NUT carcinoma is an aggressive carcinoma with an overall poor survival outcome. The mediastinum and head and neck area, especially the sinonasal region, are among the common sites of disease. Histopathological diagnosis of NUT carcinoma is often very challenging due to its overlapping features with other poorly differentiated carcinomas. We report a case of NUT carcinoma arising from the parotid gland of a young female patient. Primary NUT carcinoma of salivary gland is very rare, with only 15 such cases reported in the literature to date. Our case highlights the diagnostic challenges associated with such lesions.
  • Nonadherence in hypertension: how to develop and implement chemical adherence testing

    Lane, Dan; Patel, Prashanth; Gupta, Pankaj (2022)
    Nonadherence to antihypertensive medication is common, especially in those with apparent treatment-resistant hypertension (true treatment-resistant hypertension requires exclusion of nonadherence), and its routine detection is supported by clinical guidelines. Chemical adherence testing is a reliable and valid method to detect adherence, yet methods are unstandardized and are not ubiquitous. This article describes the principles of chemical adherence testing for hypertensive patients and provides a set of recommendations for centers wishing to develop the test. We recommend testing should be done in either of two instances: (1) in those who have resistant hypertension or (2) in those on 2 antihypertensives who have a less than 10 mm Hg drop in systolic blood pressure on addition of the second antihypertensive medication. Furthermore, we recommend that verbal consent is secured before undertaking the test, and the results should be discussed with the patient. Based on medications prescribed in United Kingdom, European Union, and United States, we list top 20 to 24 drugs that cover >95% of hypertension prescriptions which may be included in the testing panel. Information required to identify these medications on mass spectrometry platforms is likewise provided. We discuss issues related to ethics, sample collection, transport, stability, urine versus blood samples, qualitative versus quantitative testing, pharmacokinetics, instrumentation, validation, quality assurance, and gaps in knowledge. We consider how to best present, interpret, and discuss chemical adherence test results with the patient. In summary, this guidance should help clinicians and their laboratories in the development of chemical adherence testing of prescribed antihypertensive drugs.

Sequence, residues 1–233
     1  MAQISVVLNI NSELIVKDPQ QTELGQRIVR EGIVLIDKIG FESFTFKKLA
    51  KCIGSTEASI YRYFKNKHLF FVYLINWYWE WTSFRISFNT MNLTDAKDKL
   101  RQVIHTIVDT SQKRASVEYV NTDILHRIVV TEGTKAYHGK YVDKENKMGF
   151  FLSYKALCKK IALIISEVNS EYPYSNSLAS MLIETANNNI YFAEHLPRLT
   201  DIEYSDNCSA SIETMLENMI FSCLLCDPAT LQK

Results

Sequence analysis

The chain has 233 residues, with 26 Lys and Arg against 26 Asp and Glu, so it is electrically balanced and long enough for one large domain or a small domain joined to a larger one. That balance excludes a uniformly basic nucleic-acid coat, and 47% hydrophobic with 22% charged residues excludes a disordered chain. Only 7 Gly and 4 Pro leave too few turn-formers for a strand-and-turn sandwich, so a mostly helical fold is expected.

• Severe symptomatic hypercalcemia in a patient with familial hypocalciuric hypercalcemia

    Kurian, Roshini (2021)
    One of the less common causes of hypercalcemia is familial hypocalciuric hypercalcemia (FHH). It is an autosomal-dominant genetic condition, which presents asymptomatically in most patients while some may have mild symptoms. The serum calcium levels are mildly elevated with mild elevation in parathyroid hormone, which rarely requires management with pharmacologic agents. We present an unusual case report of a 76-year-old woman, confirmed to have FHH type 1 mutation, presented with symptomatic hypercalcemia probably set off by metabolic stresses of her age and needing intensive treatment with intravenous bisphosphonates, calcitonin and cinacalcet.